Cormac Hollingsworth tries economics again

So it’s quite possible that lower gilt yields are more a sign of panic about the economy than sign of credibility about the deficit.

Hmm, interesting idea.

So let\’s have a little look around Europe shall we? In Germany, pretty much everyone is happy with the way the economy is working. They floated some two year paper at 0% last week.

No one\’s very happy with the Spanish economy: ten year yields are 5.5% or so. Italy, no, not happy bunnies with that economy either, ten year yields are what, 6.5%? People are panicking about the Portuguese economy and yields, at least last time I could bring myself to look they were, were 17% odd. I\’m not sure you can manage to work the word happy into a sentence about the Greek economy: I\’m also not entirely certain that it\’s possible to calculate a yield on their bonds using standard mathematics.

So, low interest rates on government debt at present seem to be linked to people being pretty happy about matters economic in that country or to people being in panic about that economy?

Yes, quite, and isn\’t it interesting that Cormac chose the wrong answer?

5 thoughts on “Cormac Hollingsworth tries economics again”

  1. Chap has the beginnings of a point – it’s true that cash will be directed towards safe havens like gilts when there are few low-risk investments available in the real economy, but then decides to destroy it. Market confidence in austerity measures and nowhere else to put your money are two things that can happen at once and be mutually supportive. People buy gilts when they’re worried about short-term growth, true, but they’ll only buy those gilts if they think they’ll be repaid.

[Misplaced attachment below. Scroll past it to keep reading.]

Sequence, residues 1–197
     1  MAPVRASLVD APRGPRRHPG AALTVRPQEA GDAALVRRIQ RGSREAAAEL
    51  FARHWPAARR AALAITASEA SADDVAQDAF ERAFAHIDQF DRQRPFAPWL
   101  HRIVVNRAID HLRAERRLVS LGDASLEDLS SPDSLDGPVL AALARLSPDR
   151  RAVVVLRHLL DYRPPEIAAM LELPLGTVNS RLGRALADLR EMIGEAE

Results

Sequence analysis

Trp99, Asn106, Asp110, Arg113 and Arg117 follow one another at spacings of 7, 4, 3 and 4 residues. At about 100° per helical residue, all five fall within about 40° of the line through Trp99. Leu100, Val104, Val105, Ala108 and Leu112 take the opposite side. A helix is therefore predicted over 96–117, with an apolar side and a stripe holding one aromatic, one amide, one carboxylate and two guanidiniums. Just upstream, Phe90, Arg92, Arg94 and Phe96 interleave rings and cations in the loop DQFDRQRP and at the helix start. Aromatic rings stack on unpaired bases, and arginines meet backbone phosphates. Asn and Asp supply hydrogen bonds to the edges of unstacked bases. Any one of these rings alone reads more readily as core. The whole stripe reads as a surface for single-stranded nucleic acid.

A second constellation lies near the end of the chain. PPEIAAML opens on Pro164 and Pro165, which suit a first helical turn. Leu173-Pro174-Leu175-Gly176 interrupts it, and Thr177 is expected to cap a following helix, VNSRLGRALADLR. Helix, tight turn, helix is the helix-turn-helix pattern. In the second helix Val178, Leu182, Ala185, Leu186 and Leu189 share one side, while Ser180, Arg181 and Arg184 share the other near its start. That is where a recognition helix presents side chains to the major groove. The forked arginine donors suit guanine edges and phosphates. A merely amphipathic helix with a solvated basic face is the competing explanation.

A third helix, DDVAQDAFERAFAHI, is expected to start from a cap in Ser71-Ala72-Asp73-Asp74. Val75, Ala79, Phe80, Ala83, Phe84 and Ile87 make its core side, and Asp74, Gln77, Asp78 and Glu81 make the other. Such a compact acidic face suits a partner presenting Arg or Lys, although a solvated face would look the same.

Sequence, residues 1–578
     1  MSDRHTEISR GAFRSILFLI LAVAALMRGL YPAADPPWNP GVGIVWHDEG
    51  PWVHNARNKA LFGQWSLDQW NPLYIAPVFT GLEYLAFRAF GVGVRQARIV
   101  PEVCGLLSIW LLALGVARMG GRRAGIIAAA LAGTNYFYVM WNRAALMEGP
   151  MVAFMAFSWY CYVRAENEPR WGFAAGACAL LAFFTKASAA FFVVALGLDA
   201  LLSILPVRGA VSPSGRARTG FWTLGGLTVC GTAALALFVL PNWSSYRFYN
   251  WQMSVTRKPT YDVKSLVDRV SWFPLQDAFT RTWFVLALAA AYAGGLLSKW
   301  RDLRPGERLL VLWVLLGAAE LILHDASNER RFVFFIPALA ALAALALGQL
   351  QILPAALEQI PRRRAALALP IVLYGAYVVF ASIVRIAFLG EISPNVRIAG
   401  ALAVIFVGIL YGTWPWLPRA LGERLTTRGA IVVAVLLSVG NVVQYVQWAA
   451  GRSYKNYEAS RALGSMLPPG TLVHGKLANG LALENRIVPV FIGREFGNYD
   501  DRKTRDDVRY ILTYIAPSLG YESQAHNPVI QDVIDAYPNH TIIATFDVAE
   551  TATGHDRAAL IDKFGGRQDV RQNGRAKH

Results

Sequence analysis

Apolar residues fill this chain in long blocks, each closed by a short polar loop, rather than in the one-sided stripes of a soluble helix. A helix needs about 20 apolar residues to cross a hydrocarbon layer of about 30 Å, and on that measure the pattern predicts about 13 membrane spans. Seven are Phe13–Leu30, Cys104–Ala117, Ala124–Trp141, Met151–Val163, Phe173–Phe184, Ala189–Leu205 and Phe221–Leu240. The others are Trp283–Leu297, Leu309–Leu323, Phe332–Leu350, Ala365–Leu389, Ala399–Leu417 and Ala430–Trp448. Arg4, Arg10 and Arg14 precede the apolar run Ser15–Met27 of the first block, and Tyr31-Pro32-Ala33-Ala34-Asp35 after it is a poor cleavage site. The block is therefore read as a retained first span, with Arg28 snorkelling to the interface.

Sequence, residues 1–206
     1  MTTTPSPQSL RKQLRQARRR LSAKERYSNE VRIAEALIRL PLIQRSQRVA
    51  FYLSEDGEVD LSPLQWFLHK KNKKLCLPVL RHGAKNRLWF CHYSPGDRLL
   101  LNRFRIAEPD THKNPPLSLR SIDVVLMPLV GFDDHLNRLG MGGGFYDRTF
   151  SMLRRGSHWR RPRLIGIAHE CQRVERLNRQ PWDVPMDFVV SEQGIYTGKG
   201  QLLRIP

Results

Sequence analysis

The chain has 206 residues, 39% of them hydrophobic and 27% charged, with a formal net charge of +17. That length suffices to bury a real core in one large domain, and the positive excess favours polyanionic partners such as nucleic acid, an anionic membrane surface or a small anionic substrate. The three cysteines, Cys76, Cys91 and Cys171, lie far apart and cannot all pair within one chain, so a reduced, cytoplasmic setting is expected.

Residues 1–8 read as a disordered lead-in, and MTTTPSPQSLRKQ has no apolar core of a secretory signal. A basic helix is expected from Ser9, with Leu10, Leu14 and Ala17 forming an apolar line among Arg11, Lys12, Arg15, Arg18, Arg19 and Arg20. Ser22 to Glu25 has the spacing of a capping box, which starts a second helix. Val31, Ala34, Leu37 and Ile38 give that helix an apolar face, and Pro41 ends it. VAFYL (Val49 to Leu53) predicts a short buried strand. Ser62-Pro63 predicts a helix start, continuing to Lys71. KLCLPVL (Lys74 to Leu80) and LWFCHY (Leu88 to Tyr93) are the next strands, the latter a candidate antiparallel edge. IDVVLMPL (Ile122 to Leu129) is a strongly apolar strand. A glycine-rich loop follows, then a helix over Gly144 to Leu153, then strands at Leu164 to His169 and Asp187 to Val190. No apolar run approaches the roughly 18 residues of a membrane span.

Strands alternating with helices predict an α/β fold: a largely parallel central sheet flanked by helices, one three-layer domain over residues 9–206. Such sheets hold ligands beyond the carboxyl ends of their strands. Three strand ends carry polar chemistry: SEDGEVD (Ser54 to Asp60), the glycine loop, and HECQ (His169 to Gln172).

2. Quick! To the currency union in crisis! That’ll be the best place to draw comparisons with the debt dynamics of the UK.

    Really Tim?

    Or, how about we compare the UK with the US or Japan? Whose debt dynamics match those of the UK and which completely support Cormac’s point.

    Seriously, its as if you don’t read Brad DeLong’s blog, and I know you do. I’m pretty sure you’ve read Scott Sumners too, so you should know a UK recovery would see interest on long dated bonds rise because people expect economic growth. It would look like positive developments were being punished.

    Two effects: Weaker growth make bonds look more attractive and hence push down their price but weaker growth also reduces the government’s capacity to tax to honour that debt.

    All Cormac is arguing is that the UK has 1) never defaulted on its debt 2) is run by two parties committed to seeing this record continue 3) hasn’t had massive protests like those in Spain or Greece 4) has its own currency 5) is seen as a “safe haven”.

    All of those facts, combined with things I know you know about economics make this post very confusing. Interest rates are complicated, but not that complicated.

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